Developer Urban & Civic has gained planning consent for a new residential and hotel development in the centre of Manchester, designed by SimpsonHaugh and Partners. The landmark project will redevelop a key canal-side site that has lain dormant since the financial crisis in 2008, when a previous development was abandoned with just the foundations and basement car park completed.
Located in the busy Village area of the city centre, the 30,000 sq m project occupies a 0.45-hectare site on the junction of Whitworth Street and Princess Street within the Whitworth Street Conservation Area. The 14-storey development consists of two apartment buildings to the north of the site containing a total of 238 apartments, plus one hotel building to the south with landscaped public realm in between. All three buildings will have ground floor retail and restaurants, and will sit above the completed underground car park.
Urban & Civic, which acquired the site in 2014, hopes to start construction mid 2016 with estimated completion in 2018.
SimpsonHaugh and Partners’ design is a contemporary reinterpretation of the Victorian and Edwardian warehouse buildings within the conservation area. All three proposed buildings utilise an expressed, glazed terracotta grid that references the tone and colour of the faience, brick and stone of nearby historic buildings. Within this grid, a composition of full-height glazed panels, glass-faced solid panels and ventilation panels is proposed to echo the fenestration of the warehouses.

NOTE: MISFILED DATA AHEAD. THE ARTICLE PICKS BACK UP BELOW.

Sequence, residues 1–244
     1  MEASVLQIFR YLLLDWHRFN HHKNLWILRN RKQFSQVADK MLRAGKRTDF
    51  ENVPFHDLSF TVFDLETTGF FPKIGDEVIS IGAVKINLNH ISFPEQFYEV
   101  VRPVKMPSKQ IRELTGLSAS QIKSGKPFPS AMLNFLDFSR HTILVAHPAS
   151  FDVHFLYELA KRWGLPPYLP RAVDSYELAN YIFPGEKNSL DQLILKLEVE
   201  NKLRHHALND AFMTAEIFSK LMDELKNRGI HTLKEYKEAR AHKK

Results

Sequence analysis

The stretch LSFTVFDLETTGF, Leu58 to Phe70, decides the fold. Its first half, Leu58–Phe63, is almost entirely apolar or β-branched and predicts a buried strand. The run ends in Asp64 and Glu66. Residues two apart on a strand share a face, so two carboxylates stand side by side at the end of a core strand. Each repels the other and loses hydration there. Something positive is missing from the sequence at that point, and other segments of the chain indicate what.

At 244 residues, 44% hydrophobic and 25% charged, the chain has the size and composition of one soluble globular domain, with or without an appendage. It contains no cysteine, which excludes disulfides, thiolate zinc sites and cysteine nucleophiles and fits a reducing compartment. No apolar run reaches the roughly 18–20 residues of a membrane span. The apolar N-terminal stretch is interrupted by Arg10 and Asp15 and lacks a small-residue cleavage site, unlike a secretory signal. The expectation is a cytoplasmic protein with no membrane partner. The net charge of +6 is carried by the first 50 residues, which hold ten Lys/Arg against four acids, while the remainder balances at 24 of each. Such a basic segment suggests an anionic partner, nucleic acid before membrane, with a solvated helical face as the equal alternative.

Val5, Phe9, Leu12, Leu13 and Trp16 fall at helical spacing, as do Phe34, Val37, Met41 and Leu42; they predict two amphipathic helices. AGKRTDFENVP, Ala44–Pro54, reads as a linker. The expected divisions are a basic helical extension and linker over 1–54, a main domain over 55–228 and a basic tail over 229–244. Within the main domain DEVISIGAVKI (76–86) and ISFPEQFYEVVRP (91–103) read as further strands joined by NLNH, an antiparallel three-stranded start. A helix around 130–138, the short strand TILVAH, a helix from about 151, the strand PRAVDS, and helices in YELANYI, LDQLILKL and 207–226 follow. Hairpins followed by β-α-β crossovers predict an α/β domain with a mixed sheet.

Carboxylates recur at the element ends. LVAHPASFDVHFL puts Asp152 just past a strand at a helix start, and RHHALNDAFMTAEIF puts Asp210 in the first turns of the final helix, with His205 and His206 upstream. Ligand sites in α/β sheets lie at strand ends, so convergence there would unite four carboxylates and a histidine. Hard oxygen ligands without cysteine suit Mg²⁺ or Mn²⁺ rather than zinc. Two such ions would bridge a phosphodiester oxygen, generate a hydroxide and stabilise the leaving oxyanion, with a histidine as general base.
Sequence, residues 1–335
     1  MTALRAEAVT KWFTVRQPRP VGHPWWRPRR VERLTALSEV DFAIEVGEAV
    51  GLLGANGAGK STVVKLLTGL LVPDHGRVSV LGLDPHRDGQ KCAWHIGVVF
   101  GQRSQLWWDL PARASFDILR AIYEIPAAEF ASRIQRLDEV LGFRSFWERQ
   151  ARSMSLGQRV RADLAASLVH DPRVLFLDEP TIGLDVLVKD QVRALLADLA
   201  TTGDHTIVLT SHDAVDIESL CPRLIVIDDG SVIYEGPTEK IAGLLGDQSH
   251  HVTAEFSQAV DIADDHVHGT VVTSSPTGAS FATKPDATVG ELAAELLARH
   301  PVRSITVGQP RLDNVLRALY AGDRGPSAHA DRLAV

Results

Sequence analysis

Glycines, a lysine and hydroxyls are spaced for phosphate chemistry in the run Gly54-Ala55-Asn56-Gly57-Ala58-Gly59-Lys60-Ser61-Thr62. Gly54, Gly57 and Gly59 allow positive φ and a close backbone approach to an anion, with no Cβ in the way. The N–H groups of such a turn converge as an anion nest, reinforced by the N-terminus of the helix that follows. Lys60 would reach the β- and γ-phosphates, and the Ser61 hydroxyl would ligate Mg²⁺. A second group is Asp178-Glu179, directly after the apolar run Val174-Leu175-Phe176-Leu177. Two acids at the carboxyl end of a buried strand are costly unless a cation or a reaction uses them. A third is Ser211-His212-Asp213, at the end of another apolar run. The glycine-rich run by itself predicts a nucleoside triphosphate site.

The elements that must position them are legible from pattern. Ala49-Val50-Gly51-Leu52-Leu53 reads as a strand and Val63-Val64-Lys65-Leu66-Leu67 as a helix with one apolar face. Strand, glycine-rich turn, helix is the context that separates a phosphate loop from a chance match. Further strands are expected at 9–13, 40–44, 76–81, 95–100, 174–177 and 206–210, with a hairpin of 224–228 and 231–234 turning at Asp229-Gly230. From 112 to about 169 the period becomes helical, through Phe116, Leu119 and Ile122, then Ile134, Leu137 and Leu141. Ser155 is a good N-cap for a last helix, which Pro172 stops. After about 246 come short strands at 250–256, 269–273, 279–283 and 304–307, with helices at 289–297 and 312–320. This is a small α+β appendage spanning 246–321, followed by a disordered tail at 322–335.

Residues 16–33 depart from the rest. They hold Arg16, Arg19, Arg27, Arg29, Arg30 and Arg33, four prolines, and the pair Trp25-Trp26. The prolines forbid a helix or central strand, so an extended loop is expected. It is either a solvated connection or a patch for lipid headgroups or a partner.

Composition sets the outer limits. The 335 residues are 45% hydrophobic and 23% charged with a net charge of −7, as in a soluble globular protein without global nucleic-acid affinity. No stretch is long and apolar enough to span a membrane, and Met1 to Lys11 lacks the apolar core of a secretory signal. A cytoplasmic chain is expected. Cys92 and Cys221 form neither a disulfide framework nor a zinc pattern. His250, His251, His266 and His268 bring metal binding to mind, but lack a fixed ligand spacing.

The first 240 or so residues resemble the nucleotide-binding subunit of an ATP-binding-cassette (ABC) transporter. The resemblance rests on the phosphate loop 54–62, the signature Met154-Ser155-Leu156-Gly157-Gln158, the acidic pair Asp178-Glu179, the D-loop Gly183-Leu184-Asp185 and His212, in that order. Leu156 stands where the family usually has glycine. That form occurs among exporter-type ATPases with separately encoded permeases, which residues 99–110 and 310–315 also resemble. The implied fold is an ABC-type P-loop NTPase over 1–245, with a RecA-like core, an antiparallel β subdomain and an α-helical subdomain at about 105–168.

Each building conforms to the alignment of surrounding frontages onto the streets and the Rochdale Canal. At the upper levels, the blocks are set back to relate to the scale of the eaves and ridgelines of adjacent buildings, creating roof terraces for the upper level apartments. The three new blocks enclose a landscaped public garden, with further public realm created on the waterside.
“Inspired by the surrounding historic buildings, the development will be a beautiful contemporary addition to this vibrant part of Manchester,” said Nick Owen of SimpsonHaugh and Partners. “The facades respond to the visual ‘weight’ of the adjacent stone and masonry to create a respectful yet distinctive design.”